Why does Duterte need special powers for faster procurement?

Lian Buan

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Why does Duterte need special powers for faster procurement?


The procurement law already allows emergency procurement – but it is a process that is open to stringent auditing later

MANILA, Philippines – Bannered as a way to enable the government to respond to coronavirus problems much quicker, bills providing special powers to President Rodrigo Duterte are being heard now in both chambers of Congress.

In both versions of the Senate and the House, Section 4(6) would allow Duterte to “undertake the procurement of the following as the need arises, in the most expeditious manner, as exemptions from the provisions of Republic Act No. 9184 and other relevant laws.”

The bills list the goods under the special procurement clause such as medical supplies, relief packs, medical facilities, housing facilities, utilities, telecommunications, and other critical services in relation to the operation of quarantine centers.

RA 9184 is the government procurement law. In the government, public bidding is the most common and most preferred process of procurement. 

But alternative modes are allowed, especially in emergency cases. (READ: Duterte’s request to take over private business ‘merely standby power’)

Section 53.2 of the law’s Implementing Rules and Regulations (IRR) allows government to resort to a negotiated procurement during a state of calamity, or “when time is of the essence arising from natural or man-made calamities.”

Former Budget Secretary Butch Abad said this provision should be enough for Duterte. “The existing rules on emergency or negotiated procurement suffice,” said Abad. (READ: Duterte gov’t has no breakdown of P275B to be tapped for pandemic response)

Former Commission on Audit (COA) commissioner Jose Fabia told Rappler the special power may be “unnecessary.” 

“[The procurement law] is enough to provide for legal cover. There is no harm in reiterating it, although unnecessary,” said Fabia. Fabia said that “in the end, it will be negotiated procurement” or “can be government to government in some cases.”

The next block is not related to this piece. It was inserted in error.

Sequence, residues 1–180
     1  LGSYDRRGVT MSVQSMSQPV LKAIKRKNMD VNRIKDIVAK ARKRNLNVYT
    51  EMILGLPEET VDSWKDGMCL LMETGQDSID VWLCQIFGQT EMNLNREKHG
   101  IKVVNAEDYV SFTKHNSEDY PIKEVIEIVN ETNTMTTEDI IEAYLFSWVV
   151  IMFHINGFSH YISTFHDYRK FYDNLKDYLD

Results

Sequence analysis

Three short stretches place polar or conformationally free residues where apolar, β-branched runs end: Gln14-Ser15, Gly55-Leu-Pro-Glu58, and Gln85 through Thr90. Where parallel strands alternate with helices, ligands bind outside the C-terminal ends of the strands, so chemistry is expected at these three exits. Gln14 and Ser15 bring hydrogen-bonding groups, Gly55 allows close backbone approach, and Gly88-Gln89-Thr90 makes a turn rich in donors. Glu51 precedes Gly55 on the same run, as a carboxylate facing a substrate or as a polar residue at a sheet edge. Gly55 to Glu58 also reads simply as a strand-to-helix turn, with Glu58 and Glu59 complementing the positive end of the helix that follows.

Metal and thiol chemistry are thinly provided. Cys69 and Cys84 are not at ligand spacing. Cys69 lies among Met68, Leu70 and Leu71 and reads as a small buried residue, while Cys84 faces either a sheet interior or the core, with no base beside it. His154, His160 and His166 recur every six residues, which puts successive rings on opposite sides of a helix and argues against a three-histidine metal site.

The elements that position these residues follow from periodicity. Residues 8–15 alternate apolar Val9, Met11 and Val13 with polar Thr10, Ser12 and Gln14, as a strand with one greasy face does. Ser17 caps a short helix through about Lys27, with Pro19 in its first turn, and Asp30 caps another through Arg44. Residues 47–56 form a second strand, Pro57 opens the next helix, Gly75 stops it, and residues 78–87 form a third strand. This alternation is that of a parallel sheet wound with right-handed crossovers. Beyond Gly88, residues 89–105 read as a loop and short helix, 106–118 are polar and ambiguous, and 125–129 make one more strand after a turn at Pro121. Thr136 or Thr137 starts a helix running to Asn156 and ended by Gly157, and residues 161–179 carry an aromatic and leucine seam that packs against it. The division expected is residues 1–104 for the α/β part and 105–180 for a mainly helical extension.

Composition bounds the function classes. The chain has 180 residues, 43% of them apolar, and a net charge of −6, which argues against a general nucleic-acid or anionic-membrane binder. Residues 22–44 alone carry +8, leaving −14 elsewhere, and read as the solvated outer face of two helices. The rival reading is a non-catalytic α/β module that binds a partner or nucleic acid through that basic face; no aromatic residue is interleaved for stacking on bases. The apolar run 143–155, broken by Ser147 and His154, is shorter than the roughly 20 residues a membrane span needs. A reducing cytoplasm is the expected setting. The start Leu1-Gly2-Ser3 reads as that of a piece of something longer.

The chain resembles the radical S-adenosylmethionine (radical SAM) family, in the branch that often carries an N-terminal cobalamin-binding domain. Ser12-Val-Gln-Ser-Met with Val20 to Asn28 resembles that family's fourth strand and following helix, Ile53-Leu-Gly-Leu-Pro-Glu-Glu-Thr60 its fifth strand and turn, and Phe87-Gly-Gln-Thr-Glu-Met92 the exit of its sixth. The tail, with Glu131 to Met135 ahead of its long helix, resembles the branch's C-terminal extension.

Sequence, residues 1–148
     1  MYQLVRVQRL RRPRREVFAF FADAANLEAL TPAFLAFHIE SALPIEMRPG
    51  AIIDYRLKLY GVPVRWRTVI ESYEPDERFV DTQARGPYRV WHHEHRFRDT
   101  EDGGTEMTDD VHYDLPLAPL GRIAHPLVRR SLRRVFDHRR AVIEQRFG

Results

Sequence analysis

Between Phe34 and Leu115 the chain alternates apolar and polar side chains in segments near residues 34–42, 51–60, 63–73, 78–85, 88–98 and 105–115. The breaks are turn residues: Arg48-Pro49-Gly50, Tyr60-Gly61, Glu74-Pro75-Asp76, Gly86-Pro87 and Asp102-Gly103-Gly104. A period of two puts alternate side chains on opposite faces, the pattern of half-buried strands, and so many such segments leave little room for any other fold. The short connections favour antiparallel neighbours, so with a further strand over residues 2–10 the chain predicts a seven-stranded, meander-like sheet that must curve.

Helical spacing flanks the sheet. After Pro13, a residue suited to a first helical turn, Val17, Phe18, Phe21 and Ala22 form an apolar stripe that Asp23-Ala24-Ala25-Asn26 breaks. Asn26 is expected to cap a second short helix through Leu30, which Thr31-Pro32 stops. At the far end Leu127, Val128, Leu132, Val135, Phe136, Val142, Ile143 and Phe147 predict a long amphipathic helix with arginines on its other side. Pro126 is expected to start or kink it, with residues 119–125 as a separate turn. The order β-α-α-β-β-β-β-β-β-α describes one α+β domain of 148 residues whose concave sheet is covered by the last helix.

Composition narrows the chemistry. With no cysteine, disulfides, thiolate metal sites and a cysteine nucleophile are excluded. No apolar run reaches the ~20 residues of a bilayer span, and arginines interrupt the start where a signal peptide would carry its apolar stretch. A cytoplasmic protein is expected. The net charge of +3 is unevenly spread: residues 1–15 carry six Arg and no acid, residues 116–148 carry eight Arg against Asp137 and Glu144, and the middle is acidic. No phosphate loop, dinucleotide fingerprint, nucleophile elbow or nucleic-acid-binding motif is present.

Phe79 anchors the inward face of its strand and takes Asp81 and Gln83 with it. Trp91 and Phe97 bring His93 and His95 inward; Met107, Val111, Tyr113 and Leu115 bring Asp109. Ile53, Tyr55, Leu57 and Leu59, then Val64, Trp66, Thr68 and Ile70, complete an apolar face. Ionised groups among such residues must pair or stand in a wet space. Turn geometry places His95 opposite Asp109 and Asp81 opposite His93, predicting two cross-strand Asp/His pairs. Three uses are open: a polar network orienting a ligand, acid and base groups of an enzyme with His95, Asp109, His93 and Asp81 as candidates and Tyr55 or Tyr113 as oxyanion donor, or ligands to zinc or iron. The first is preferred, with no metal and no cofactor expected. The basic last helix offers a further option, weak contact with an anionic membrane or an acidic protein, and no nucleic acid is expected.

A former COA official who talked to Rappler pointed out that even if Duterte has special powers, the problem in this specific emergency is not the ability to buy, but where to buy, as the global supply chain of essential medical supplies is now also hit.

“How would you speed up procurement if the problem is the market?” the official said in Filipino, adding that even with special power, Duterte would still have to use mechanisms provided under the procurement law.

The official said that if Duterte really needs special powers, the bills could have been specific like changing amount limits — for example, the procurement law allows for shopping or directly transacting with a known supplier for readily available goods, provided it does not exceed P250,000.

The official added that if Duterte wants exemptions, it should be specified, and not as broad as exemptions from the entire procurement law.

Open to audit

“Anyway, when everything settles, COA can order a special audit on how these funds were utilized and how they had impacted on the life of the Filipinos. Performance audit is the best way to determine this,” said Fabia.

But this might just be what government seeks to avoid.

If they resort to a negotiated procurement on the basis of the procurement law, COA will look into it after.

“The concern here is that the bureaucracy favors open and public bidding because of fear of COA audit observations that may lead to an Ombudsman case. That’s what happened in Yolanda,” said Abad.

The official agreed, saying that in negotiated procurements, audits are automatic.

“Diyan talaga ginagamit ang pandaraya eh (That’s where corruption happens),” said the official.

In 2014, Philippine Coast Guard (PCG) officials resorted to a negotiate procurement in buying P67.5 million worth of equipment in 2014 to respond to problems rooted from the territorial dispute in the West Philippine Sea.

They were indicted for graft. But the Court of Appeals eventually cleared them, finding the emergency purchase justifiable.

“So kapag binigay mo ang power na ‘yan im sure merong makikinabang (If you give that power, I’m sure someone will benefit),” the official said.

“Anything that involves negotiated procurement may be abused. However, in times like this, we should give benefit of doubt that our leaders will put the country’s and its citizens’ interest at heart over and beyond their personal interest,” said Fabia.

That is also the messaging of Duterte’s former special aide Senator Bong Go during the interpellation over Senate Bill 1413.

“We are passing this measure out of trust, and we hope your conscience will guide you in implementing this measure. Nagtitiwala kami sa inyong katapatan (We trust you will be honest),” Go said, referring to the executive branch, to which he is still deeply attached – although he is now a lawmaker.

The question is: has the Duterte administration earned enough trust? And will they be able to keep that trust? – Rappler.com

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Lian Buan

Lian Buan is a senior investigative reporter, and minder of Rappler's justice, human rights and crime cluster.